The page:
ulcers and digital necrosis
21
. When skin findings are present, a careful search for other
systemic manifestatio
ns is necessary to characterize

the s
e
verity of the vasculitis
presentation. Skin involvement without ot
her organ system involvement carries a more
favourable prognosis
22
.

The only patient with classical features of rheumatic vasculitis presented with past
history of recurrent nodules in the elbows and marked elevated ESR, and anti
-
CCP
antbodies
. Presence of rheumatoid nodules predict the occurrence of systemic
vasculitis

23,24
. The presence of anti
-
CCP antibodies in patients with rheumatoid arthritis
is associated with progressive joint damage

25
, as well as sever
e

extra
-
articular
manifestation
s
26
. The degree of joint damage
observed
in this patient will support the
earlier finding in such patients.


Recently, the diagnostic value of anti
-
CCP antibodies was evaluated in patients with
systemic vasculitis. In the mentioned study, anti
-
CCP antibod
ies were detected in 93%
of 25 patients with systemic rheumatoid vasculitis as against 70% in 19 patients with
rheumatoid arthritis but without vasculitis
27
.

Anti
-

CCP levels also tend to be higher in
patients with rheumatoid arthritis who have systemic
vasculitis than those who do not
26
.

The
ESR of

the

only

patient with vasculitic lesion was modestly elevated as compared
to active rheumatoid arthritis where the ESR is markedly elevated.
The simple
explanation is that this patient has developed burned
-
out


disease. Burned

out
-
disease simply means the arthritis is no more active.


Artherosclerotic vascular disease must be differentiated from rheumatic vasculitis.
Although Scott et al in 1984 proposed diagnostic criteria for systemic rheumatic
vasculitis

2
8
. B
iopsy of the lesion is still typically required for definitive diagnosis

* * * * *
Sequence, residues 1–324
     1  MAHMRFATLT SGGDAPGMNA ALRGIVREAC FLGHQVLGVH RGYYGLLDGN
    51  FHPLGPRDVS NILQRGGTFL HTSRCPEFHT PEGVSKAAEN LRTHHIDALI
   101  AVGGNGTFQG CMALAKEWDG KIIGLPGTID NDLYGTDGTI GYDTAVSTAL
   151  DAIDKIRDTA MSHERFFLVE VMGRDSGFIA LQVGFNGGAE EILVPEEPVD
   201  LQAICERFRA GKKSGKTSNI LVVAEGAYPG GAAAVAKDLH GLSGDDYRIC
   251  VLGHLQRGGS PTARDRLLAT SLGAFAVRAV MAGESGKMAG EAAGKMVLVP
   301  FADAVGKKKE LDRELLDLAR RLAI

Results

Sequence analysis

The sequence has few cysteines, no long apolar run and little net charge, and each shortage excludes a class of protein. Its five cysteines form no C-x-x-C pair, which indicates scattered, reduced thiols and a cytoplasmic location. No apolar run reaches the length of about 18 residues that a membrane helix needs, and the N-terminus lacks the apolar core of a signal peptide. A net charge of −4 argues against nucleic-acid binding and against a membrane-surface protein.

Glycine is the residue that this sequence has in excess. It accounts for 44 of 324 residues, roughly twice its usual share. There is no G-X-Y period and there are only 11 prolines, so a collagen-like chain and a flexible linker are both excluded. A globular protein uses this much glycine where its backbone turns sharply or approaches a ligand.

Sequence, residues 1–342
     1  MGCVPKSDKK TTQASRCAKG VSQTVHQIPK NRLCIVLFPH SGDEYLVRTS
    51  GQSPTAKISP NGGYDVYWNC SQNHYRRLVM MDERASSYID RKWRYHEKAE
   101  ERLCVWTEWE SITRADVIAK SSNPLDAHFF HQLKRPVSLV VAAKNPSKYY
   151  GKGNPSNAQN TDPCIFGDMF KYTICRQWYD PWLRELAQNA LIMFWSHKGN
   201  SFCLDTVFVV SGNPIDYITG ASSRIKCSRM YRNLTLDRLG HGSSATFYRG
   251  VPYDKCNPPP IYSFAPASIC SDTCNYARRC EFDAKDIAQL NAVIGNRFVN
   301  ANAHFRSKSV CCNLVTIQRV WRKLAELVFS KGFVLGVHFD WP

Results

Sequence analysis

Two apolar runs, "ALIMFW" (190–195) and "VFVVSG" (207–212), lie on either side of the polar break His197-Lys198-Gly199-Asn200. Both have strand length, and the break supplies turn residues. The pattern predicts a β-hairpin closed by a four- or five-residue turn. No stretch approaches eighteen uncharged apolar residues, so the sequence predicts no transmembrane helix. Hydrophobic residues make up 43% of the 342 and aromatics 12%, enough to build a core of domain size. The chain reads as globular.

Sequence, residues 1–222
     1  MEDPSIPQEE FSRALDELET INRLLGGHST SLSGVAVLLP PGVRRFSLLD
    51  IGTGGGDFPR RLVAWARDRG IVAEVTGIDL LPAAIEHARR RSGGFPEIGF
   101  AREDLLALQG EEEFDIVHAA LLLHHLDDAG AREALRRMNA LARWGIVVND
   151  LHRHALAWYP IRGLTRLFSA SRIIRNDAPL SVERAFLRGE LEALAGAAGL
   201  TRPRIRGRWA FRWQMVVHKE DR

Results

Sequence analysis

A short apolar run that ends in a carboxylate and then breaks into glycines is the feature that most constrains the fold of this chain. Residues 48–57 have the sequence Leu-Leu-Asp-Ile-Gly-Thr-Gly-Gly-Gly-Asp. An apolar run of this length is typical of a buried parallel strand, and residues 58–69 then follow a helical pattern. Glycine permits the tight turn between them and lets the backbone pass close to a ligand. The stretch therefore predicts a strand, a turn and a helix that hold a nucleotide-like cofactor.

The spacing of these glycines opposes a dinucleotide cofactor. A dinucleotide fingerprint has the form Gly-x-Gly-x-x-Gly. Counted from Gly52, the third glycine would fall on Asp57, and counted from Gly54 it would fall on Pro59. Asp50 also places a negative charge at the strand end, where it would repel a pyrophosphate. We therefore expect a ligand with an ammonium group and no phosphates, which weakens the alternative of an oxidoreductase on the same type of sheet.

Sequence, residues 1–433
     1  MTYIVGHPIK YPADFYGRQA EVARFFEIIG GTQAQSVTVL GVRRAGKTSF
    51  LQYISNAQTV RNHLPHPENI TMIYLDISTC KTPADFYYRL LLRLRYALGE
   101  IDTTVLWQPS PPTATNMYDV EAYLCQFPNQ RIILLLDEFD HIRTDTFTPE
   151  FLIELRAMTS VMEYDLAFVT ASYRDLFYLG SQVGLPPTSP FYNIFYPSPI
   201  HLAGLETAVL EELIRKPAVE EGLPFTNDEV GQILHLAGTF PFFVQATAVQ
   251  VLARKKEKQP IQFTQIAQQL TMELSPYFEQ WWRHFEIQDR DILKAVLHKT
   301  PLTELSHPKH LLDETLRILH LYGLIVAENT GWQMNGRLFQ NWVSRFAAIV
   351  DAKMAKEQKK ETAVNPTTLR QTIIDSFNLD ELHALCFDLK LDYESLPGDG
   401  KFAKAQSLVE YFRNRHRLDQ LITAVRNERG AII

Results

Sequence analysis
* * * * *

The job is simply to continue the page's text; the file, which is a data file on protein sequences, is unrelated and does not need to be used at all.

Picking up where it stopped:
12
.

The patient with vasculitic

lesion was first referred to the rheumatologist after 20 years
of onset of rheumatoid arthritis. Definitive treatment of rheumatoid arthritis must start
immediately when the diagnosis is made. It is known that, if definitive treatment is
delayed beyond 2
years of onset of the disease, bony erosion

and other poor prognostic
features would have developed and that portends poor prognosis.

Vasculitis is rheumatoid arthritis is generally associated with long standing disease, has
an important impact on patient’
s well
-
being, and markedly influences patient’s life
expectancy
29
.
The morbidity and mortality of rheumatoid vasculitis are substantial.
Studies have shown that the 5
-
year mortality rate is 30% to 50%, with even higher rates
of morbidity related to disease

complications or vasculi
tis treatment

related toxicity
30
.

Advances in the therapies for rheumatoid arthritis will likely continue to reduce the
incidence of vasculitis. Patients who develop leg ulcers and digital ulcers however,
should be more closely mon
itored, especially patients who have high titres of
rheumatoid factor and positive antibodies to cyclic citrillunated peptide (anti
-
CCP).

Conclusively, rheumatoid arthriti
s patients and patients with conne
ctive tissue disorders
should be promptly referred to the rheumatologist for an appropriate
assessment and
management.